OMA

The Office of Multicultural Affairs will continue its annual Tunnel of Oppression event from 6 to 9 p.m. Wednesday at the SFA theater in the Baker Pattillo Student Center. The Tunnel of Oppression shows the struggles of different minorities in order to enlighten people about their experiences. 

The Office of Multicultural Affairs will continue its annual Tunnel of Oppression event from 6 to 9 p.m. Wednesday at the SFA theater in the Baker Pattillo Student Center.

“This event is designed to challenge people’s perspectives, thoughts and feelings regarding the topic of oppression,” Ciara Wesley, Lumberjack Cultural Association president, said.

The idea for hosting a tunnel of oppression was brought to campus by the Lumberjack Cultural Association in 2007. Due to the lack of members, the organization was unable to host the event. The Office of Multicultural Affairs took on the project with the Lumberjack Cultural Association.

“I want students and the community to gain a different aspect on things,” Alexis Willis, coordinator of tour guides, said. “We have topics ranging from the LGBT community to stereotyping to body imaging.”

This event is meant to shine a light on different situations to help people feel and understand.

“In order to be able to empathize with others, one must have an understanding of what others may be going through,” Nytesia Ross, OMA student supervisor, said.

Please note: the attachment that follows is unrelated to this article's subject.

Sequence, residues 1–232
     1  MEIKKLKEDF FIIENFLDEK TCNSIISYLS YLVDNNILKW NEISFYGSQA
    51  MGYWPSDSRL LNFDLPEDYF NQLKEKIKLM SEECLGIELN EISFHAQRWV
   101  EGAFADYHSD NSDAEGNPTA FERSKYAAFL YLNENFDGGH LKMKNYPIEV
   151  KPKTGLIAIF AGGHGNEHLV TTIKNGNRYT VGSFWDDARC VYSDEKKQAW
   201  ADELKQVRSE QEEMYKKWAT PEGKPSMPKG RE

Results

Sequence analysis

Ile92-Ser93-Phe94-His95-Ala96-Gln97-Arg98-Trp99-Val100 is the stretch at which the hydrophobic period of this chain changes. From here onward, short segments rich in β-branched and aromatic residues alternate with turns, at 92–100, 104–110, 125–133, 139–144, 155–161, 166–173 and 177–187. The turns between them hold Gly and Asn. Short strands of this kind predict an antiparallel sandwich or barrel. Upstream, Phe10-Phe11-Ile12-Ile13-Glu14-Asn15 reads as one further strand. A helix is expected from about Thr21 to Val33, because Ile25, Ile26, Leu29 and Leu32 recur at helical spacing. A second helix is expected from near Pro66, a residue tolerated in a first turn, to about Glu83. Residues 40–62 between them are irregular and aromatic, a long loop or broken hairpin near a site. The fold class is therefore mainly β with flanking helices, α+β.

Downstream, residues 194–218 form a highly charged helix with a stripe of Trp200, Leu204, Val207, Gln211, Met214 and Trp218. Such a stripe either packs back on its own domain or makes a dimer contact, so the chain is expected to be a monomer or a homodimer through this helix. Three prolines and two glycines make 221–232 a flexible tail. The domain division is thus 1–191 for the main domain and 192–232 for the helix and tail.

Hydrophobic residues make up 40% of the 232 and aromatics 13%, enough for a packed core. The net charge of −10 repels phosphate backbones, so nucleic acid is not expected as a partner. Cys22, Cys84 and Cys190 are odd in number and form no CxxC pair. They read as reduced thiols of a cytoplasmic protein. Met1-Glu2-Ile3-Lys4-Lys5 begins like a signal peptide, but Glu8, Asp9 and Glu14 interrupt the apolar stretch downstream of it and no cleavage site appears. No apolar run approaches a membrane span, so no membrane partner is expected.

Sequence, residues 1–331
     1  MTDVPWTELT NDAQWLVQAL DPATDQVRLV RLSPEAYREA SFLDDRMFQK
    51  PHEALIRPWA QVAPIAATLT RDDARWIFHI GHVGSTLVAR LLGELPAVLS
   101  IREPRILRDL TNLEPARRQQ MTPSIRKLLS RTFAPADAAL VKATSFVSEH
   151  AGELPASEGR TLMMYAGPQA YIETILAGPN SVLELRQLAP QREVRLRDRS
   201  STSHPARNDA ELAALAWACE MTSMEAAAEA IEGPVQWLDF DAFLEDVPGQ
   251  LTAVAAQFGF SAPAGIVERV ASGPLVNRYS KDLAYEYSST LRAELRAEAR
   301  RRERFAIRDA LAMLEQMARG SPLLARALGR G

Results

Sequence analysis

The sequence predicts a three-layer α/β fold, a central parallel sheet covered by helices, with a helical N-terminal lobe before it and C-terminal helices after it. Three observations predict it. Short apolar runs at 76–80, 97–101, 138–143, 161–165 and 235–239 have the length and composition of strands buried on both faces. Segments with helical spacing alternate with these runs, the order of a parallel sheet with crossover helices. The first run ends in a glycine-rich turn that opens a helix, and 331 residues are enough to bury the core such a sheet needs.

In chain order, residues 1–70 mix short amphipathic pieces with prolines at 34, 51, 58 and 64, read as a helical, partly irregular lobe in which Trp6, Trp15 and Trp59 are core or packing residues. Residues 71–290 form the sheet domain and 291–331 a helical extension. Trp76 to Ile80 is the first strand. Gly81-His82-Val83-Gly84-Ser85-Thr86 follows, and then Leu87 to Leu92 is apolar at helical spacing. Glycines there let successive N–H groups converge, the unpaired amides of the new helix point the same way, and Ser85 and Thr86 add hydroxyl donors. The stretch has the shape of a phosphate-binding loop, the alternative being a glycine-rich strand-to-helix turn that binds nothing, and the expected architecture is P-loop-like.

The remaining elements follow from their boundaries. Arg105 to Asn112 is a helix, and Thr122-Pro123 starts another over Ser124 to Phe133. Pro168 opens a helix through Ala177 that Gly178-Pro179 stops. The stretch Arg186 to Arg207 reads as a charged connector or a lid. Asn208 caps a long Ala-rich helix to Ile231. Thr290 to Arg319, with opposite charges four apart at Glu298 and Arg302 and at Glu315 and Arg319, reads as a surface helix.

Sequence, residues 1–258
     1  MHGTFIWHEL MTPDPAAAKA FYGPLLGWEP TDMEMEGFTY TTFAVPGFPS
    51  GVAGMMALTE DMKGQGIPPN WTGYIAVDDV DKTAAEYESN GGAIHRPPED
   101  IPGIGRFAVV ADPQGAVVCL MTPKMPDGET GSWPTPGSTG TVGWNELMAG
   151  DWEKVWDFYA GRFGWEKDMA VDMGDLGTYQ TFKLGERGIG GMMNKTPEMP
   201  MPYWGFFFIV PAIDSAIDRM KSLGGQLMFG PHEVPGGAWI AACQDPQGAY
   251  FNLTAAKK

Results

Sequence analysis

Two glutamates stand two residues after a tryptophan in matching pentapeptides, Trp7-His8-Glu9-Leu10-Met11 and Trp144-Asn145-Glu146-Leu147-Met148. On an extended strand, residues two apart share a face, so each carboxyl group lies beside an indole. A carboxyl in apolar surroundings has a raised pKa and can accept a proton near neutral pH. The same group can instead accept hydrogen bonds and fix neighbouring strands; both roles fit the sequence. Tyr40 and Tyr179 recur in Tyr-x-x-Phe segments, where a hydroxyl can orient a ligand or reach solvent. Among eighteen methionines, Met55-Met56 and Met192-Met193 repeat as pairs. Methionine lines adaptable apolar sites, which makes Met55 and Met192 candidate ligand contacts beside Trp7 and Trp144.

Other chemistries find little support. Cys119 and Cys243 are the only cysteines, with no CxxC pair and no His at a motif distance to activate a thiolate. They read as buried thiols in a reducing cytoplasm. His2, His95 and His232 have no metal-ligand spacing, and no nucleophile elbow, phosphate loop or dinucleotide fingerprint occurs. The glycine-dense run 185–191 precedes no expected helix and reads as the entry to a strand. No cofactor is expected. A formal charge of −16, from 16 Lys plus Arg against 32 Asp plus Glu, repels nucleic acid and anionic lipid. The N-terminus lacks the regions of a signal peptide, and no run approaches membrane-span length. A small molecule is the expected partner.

SFA is an ethnically-diverse institution where students collaborate with others from racial and ethnic groups different from their own.

“Colleges are so diverse, and it is important to bring this kind of awareness to campus,” Wesley said. “It is made to be expressive and make students feel uncomfortable, but that is the main point of the Tunnel of Oppression,” said Willis. It really does make an impact on the students that come to the event. Some students really getemotional.”

Wesley hopes the event will challenge people’s perceptions of issues facing many. “SFA is a growing campus, and in the

world we live in today, it is important to be aware of the people around you,” Wesley said.

Ross said the Tunnel of Oppression allows people to see different sides of oppression and will hopefully open students’ minds about the treatment of others as well as themselves. 

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